Canadian coins

The coinage of Canada is produced by the Royal Canadian Mint and denominated in Canadian dollars ($) and the subunit of dollars, cents (¢). An effigy of the reigning monarch always appears on the obverse of all coins. There are standard images which appear on the reverse, but there are also commemorative and numismatic issues with different images on the reverse.


Canadian coins: Cents, nickels, silver dimes, quarters, and half dollars, all are comprehensively listed for sale through eBay, often at advantageous prices. In our opinion eBay is an excellent place to buy Canadian coins. We particularly like the Canadian Dollars, also Silver Maples and Gold Maples are very desirable.

Royal Canadian Mint sets and proof sets, rare coins, rare proofs, Victorian, Edwardian and George V coins, Sovereigns all feature in the eBay listings. The older silver coins make a good silver investment as well as the more modern silver maples.

Beginning in 1858, various colonies of British North America started issuing their own coins denominated in cents, featuring the likeness of Queen Victoria on the obverse. These replaced the sterling coins previously in circulation. The Province of Canada was the first to issue decimal coins. They were based on the value of the American dollar, due to an influx of American silver. Denominations issued were 1¢, 5¢, 10¢, and 20¢. The 1¢ coin was issued again in 1859, but it was very unpopular due to its extremely light weight. The coins had to be discounted by around 20% to get them into circulation. Other colonies that issued decimal coinage were New Brunswick and Nova Scotia both starting in 1861, Newfoundland in 1865, and Prince Edward Island in 1871. Many examples can be seen online via the Canadian Currency Museum.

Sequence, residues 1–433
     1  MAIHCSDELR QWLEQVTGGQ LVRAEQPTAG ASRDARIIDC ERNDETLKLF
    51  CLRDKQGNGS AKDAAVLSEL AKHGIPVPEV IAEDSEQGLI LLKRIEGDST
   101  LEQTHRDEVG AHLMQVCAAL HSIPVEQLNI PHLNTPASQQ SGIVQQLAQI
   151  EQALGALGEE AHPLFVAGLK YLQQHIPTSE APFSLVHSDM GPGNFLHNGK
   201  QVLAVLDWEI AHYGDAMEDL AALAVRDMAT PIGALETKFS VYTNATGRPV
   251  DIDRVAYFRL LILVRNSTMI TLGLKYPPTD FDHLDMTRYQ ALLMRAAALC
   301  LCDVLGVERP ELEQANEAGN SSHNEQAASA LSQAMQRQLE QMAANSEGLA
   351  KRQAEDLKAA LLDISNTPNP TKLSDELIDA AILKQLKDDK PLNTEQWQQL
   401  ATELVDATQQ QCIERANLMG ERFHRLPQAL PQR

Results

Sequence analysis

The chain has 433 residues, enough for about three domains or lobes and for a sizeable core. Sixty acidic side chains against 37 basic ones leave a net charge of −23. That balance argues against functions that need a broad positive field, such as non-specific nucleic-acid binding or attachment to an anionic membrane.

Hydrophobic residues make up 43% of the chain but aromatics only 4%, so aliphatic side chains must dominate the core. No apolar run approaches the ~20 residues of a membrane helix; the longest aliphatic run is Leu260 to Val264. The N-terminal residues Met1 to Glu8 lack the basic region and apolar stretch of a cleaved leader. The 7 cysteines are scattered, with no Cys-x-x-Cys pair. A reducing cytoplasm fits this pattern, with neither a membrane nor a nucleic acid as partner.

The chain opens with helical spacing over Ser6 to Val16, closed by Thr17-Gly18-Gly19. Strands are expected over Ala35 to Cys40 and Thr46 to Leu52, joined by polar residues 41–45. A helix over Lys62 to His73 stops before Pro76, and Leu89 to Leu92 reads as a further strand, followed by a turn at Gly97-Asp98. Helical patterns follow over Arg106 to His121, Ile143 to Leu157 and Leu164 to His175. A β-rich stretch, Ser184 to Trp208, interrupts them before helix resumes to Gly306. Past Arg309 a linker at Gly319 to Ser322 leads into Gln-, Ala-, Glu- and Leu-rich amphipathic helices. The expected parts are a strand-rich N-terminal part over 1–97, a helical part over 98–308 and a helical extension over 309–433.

In 1867, the British parliament passed The British North America Act, 1867 (now known as the Constitution Act, 1867), uniting the Province of Canada, Nova Scotia, and New Brunswick into a single country. Coins of the three former colonies continued to circulate until 1870, with all being legal tender throughout the country. As other colonies subsequently entered confederation, they dropped their colonial coinage and adopted the national Canadian currency.

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